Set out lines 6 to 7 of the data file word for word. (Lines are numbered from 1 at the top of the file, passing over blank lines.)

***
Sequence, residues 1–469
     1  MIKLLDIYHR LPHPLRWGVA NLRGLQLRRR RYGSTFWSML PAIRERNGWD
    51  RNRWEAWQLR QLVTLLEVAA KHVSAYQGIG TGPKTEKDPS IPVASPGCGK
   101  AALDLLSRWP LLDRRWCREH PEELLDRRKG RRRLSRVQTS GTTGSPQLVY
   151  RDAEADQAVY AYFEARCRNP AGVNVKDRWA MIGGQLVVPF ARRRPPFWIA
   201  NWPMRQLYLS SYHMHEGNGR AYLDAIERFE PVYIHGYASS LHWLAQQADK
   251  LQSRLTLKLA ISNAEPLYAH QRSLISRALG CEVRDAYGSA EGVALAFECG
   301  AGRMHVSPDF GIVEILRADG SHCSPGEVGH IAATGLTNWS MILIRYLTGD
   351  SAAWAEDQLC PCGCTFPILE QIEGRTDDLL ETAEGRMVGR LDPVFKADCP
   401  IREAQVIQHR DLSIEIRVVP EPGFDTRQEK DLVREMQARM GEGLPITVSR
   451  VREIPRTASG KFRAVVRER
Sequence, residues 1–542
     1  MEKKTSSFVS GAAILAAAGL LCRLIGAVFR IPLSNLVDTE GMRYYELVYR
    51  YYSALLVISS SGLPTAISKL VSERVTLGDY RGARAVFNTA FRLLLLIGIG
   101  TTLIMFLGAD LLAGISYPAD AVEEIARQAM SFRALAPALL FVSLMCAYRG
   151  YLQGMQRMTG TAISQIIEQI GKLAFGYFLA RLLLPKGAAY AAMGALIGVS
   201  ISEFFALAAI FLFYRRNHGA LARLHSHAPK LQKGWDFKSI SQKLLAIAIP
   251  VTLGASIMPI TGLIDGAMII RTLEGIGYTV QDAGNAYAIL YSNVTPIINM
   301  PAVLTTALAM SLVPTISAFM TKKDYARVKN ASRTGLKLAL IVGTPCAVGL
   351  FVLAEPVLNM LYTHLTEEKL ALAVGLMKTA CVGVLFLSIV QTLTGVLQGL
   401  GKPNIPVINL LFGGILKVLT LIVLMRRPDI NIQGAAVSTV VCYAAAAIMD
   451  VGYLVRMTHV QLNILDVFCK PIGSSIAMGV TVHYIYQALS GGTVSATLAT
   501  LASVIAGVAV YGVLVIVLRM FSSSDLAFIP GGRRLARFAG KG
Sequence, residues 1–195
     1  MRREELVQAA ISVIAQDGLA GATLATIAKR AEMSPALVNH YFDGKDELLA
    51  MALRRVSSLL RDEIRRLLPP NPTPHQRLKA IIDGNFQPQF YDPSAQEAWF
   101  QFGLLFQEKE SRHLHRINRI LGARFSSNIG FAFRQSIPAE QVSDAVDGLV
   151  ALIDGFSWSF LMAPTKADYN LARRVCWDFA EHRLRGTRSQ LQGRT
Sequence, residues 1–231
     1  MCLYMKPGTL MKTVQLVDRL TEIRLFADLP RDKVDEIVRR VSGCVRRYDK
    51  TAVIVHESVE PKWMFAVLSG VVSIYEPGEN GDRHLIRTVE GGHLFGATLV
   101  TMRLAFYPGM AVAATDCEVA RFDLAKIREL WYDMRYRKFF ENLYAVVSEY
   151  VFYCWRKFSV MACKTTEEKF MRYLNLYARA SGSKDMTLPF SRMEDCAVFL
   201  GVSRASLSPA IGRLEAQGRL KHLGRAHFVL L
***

   201  NWPMRQLYLS SYHMHEGNGR AYLDAIERFE PVYIHGYASS LHWLAQQADK
   251  LQSRLTLKLA ISNAEPLYAH QRSLISRALG CEVRDAYGSA EGVALAFECG